The Labour government minister responsible for policy settings around foreign buyers argues National’s election policy allowing overseas people to buy $2million-plus residential properties — which they’d be taxed 15% on — will only fuel further price growth.

Associate Minister of Finance David Parker — a former local MP — promoted legislation banning foreigner property buyers, apart from Australians and Singaporeans, that came into effect in 2018.

He notes at the time 10% of all homes in Queenstown-Lakes were being snapped up by foreigners, ‘‘and there’s no doubt that was having an effect on the market in an area that struggles to house its people .. and it [flowed] through to the infrastructure cost’’.

Recapping his comments at the time, he says ‘‘I think land markets should be run for the benefit of New Zealanders, and you shouldn’t distort the NZ market to serve the interests of overseas people’’.

At the time, prominent local investor and philanthropist, the late Sir Eion Edgar, argued the government should ‘‘just put a cap that an overseas party can’t buy a house under $2m or $3m — first-home buyers aren’t going to be buying houses for $2m or $3m’’.

Parker says he had great respect for Edgar and knew him for decades, ‘‘but I disagreed with him on this issue’’.

He believes the National Party’s proposed cap is ‘‘wrong in principle’’.

‘‘I don’t think [in] any section of the market, whether it’s above $2m, or any other range, you should have foreigners outbidding NZers for what is ours.

‘‘I know most NZers think it’s wrong they are outbid.

‘‘Whether it’s the most successful NZer outbid for the most beautiful section in Queenstown, or it’s the most modest house in a modest suburb, the same principle applies — NZers should not be tenants in their own country.’’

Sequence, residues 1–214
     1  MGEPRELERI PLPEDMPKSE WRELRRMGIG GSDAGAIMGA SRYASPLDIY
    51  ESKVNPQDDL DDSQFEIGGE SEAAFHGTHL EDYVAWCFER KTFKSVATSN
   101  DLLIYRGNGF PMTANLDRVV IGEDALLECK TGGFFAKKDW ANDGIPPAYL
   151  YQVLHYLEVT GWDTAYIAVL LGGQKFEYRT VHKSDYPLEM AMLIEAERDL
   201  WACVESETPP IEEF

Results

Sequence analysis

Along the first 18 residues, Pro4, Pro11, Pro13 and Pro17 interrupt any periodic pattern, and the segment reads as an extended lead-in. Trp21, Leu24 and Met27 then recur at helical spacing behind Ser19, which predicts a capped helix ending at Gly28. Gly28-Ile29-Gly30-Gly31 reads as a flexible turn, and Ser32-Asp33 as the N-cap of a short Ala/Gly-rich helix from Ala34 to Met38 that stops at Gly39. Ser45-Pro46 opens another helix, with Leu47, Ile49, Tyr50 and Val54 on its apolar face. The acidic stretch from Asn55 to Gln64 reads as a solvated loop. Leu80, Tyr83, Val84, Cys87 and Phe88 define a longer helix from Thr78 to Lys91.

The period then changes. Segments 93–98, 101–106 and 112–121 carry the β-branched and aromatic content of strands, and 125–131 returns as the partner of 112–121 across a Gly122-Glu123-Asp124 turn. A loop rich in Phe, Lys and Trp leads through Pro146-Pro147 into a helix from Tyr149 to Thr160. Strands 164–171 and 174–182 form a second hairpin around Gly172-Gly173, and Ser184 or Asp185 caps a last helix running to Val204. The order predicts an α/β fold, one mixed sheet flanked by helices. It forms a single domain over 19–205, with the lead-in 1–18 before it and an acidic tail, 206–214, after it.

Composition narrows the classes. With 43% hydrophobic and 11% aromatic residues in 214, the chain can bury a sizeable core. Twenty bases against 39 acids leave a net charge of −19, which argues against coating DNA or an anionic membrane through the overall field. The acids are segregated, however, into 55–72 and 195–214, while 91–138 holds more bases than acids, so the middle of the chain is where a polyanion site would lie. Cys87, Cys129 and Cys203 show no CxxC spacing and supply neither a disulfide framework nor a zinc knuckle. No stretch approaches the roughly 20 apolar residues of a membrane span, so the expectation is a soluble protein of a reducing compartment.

National’s $2m cap, Parker believes, will have an effect not just on high-end properties but on the whole of the property market — ‘‘it will drag every thing up’’.

He notes Queenstown’s average house price isn’t too short of $2m, anyway — according to, the median house price in Queenstown-Lakes in July was $1.4m.

‘‘I’m not surprised some of the top-end real estate agents want it ’cos it’s in their economic interest, but that doesn’t mean it’s in the
economic interests of the population of Queenstown.’’

Told local high-end builder Wayne Foley claims the foreign buyer ban’s been ‘‘a total failure in controlling property prices for families and those entering the market’’, Parker says he’s wrong.

A combination of the ban and tax system changes meant a greater percentage of people are buying houses to live in, than when Labour took power in 2017 — ‘‘and that’s a fantastic thing’’.

Parker dismisses critics opposing the buyer ban on the grounds foreign buyers disproportionately support good causes.

‘‘I don’t want to minimise [their] contribution, but that’s not how you run a country — you shouldn’t run a country ever more reliant on the generosity of a small number of people who are super-wealthy …

‘‘It feels to me almost feudal.’’

Parker adds there’s always been an exception for foreign investors ‘‘who want to build housing to rent out’’.

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Luxon: ‘$2m-plus floor will attract overseas talent’

While the Labour government’s David Parker was in Queenstown attacking National’s foreign buyer ban exemption for $2m-plus properties, its leader Christopher Luxon was defending the policy during a press conference in the resort.

‘‘We want to say to wealthy people overseas who want to invest in New Zealand that you should be able to buy a house, actually partner with a NZ company, bring talent, bring capital to the place.

‘‘[I] heard a lot of commentary in this region about people wanting to buy $10m-plus homes.

‘‘I want to have a tech entrepreneur that lives six months in San Francisco and six months in Queenstown to actually buy a house here, because that means they can actually make an in vestment, partner with a local firm, build their knowledge, pass on their talent.’’

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